While he and his daughter were excited at the first snowfall of the season, he admitted that the winter had started to affect him, emotionally. He missed his hometown and despite his happiness to begin a new life in Winnipeg, he was also dealing with a reoccurring sadness. He cited the short duration of sunlight in the day as the most egregious source of his depression.
I won't speculate on his mental health, but humans' physical and emotional wellbeing has always been subject to the influence of climate. There is no doubt that no matter where we choose to live in the world, the weather will leave its impression on us.
Recent scientific studies have proven climate change will have a significant effect on the social, economic and physical systems. As I mentioned in a previous article, the United Nations Governmental Panel on Climate Change—a collection of leading climate scientists—released a report in October 2018, warning that if the world’s global temperature exceeds 1.5 degrees Celsius within the next 12 years, the weather will significantly worsen. The rise in temperature will increase the risks of drought, floods, extreme heat and poverty for hundreds of millions of people. The disruption of these systems from climate change is likely to intensify common risk factors associated with mental health disorders, affecting children, seniors, the chronically ill, pregnant women and postpartum women, the urban poor, migrants and the homeless the most.
Hurricane Katrina is a prime example of this as health issues rose four per cent in New Orleans after the natural disaster. An assessment carried out by the Center for Disease Control and Prevention revealed that many low-income families and black residents who returned to New Orleans after the hurricane showed signs of an increased need for mental health treatment. Families living in Federal Emergency Management Agency-subsidized hotels or trailers actively exhibited heightened rates of disability among caregivers of children as a result of depression, anxiety, drug abuse and physical illness.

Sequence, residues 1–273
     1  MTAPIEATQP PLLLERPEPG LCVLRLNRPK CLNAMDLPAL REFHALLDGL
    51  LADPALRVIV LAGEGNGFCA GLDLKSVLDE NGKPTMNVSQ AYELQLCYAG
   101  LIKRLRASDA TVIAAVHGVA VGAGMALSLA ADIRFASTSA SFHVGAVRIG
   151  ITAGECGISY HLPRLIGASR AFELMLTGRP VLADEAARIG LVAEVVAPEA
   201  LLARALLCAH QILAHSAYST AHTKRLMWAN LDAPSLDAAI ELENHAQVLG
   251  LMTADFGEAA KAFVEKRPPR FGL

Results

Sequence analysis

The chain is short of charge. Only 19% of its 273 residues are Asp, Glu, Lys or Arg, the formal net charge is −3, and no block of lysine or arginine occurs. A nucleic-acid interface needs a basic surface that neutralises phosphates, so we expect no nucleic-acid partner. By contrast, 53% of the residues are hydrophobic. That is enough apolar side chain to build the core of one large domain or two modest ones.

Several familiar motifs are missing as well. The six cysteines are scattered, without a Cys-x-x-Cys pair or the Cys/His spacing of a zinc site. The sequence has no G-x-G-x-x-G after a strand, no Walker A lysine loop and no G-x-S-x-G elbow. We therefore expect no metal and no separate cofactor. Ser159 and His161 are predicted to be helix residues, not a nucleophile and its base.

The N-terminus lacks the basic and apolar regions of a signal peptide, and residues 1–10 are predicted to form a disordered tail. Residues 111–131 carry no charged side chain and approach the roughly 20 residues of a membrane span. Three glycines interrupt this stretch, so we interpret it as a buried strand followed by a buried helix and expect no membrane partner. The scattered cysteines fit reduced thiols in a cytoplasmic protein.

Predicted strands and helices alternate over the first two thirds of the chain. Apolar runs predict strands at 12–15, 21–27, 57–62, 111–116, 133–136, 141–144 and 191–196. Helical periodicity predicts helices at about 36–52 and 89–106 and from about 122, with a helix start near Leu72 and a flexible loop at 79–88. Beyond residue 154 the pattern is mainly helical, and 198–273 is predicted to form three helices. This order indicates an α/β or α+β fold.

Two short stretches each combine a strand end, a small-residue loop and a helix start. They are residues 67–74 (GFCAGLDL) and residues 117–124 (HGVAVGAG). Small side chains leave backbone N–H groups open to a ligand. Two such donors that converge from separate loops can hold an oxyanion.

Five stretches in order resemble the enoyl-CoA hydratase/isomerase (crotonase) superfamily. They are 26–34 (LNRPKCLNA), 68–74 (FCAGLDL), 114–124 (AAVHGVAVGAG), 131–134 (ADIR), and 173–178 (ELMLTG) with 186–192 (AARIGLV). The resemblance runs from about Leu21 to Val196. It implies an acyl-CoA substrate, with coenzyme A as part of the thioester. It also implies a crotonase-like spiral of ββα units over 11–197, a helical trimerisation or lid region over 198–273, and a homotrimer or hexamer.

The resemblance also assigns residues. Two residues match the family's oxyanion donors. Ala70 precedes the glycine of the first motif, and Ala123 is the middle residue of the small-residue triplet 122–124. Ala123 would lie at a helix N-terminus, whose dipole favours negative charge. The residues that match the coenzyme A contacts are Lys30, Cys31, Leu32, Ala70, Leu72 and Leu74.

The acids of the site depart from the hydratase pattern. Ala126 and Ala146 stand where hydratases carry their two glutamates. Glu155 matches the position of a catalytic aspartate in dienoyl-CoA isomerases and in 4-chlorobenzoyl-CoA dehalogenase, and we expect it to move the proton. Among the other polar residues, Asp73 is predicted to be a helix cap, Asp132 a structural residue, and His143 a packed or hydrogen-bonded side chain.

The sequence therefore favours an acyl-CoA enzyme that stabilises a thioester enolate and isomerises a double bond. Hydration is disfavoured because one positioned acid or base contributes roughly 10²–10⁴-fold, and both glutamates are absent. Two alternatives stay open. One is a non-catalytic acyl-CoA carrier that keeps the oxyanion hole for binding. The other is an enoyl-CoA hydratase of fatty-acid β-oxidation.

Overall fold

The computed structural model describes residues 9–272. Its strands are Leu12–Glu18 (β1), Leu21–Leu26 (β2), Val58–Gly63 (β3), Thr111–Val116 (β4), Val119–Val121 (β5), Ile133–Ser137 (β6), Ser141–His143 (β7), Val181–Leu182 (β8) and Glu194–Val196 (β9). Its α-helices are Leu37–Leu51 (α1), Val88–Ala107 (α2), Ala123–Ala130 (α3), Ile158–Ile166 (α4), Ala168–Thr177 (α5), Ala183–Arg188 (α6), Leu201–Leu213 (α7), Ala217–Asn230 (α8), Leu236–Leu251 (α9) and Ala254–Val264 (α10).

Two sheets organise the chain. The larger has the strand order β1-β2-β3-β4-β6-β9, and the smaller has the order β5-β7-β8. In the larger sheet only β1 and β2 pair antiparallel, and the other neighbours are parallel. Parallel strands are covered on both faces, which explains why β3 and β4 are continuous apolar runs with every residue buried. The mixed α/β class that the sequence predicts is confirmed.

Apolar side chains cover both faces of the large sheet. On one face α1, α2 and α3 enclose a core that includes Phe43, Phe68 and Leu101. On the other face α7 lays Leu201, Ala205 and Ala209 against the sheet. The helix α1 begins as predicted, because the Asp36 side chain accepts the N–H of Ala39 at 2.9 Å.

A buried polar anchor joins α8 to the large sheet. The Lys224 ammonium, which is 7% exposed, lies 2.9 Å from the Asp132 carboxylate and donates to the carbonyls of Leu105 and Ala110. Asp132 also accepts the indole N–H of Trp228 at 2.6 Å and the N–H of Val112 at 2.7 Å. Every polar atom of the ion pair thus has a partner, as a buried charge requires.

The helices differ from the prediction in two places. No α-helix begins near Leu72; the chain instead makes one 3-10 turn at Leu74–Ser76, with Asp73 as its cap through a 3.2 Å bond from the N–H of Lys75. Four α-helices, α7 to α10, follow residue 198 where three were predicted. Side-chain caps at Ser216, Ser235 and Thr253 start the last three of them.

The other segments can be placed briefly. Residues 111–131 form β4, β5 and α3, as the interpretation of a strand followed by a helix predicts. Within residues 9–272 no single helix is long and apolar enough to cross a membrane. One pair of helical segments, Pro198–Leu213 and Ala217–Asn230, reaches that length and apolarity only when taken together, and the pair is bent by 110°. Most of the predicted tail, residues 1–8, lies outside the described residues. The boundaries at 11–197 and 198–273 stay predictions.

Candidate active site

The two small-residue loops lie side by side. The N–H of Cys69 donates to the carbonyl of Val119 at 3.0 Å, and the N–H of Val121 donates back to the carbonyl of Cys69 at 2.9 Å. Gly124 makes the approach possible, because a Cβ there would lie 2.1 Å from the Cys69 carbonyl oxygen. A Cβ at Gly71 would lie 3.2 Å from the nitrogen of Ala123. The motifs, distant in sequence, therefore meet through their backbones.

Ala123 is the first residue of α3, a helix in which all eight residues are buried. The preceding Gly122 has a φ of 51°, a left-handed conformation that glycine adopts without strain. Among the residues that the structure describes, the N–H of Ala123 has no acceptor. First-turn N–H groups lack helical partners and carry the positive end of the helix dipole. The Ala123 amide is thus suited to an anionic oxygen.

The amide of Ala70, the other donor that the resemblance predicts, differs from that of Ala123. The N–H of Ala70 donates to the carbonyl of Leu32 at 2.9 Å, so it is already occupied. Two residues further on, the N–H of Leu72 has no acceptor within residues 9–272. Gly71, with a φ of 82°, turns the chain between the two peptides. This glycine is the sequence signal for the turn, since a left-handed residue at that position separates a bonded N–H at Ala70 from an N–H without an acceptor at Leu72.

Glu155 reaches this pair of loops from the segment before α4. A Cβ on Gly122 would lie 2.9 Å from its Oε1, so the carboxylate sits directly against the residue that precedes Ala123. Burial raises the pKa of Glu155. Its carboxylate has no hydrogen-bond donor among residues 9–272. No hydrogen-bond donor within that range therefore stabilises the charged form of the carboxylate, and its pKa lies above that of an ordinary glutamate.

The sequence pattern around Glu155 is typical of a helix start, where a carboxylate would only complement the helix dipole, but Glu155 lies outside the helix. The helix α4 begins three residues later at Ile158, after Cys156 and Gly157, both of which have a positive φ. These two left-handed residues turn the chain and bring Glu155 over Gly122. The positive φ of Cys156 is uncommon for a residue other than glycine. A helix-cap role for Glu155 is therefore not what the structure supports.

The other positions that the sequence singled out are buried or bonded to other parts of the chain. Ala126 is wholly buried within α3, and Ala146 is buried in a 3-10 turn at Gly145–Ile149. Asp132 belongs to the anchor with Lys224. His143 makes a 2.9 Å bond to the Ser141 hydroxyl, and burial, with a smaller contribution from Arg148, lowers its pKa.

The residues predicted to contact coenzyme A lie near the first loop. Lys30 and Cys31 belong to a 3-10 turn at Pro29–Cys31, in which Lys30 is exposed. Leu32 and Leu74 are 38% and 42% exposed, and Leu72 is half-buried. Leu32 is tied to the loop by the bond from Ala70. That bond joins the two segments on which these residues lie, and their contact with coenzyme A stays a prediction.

A cross-sectional survey of low-income young adults and parents of small children found that over half of them continued to experience heightened levels of post-traumatic stress disorder, trouble sleeping and distressing worries a year after the hurricane. The results of these assessments show that individuals who experienced more stressors, loss and property damage as a result of Hurricane Katrina were more susceptible to long-term physical and mental health-related issues.
In the aftermath of climate-related disasters, we can anticipate a high demand for mental health treatment services. However, with more erratic and extreme weather, we can also predict a potential decrease in the availability or accessibility of these services. So, the question that should concern us all is: how will policymakers, NGOs and designers respond to and prevent these threats to the environment and human mental health?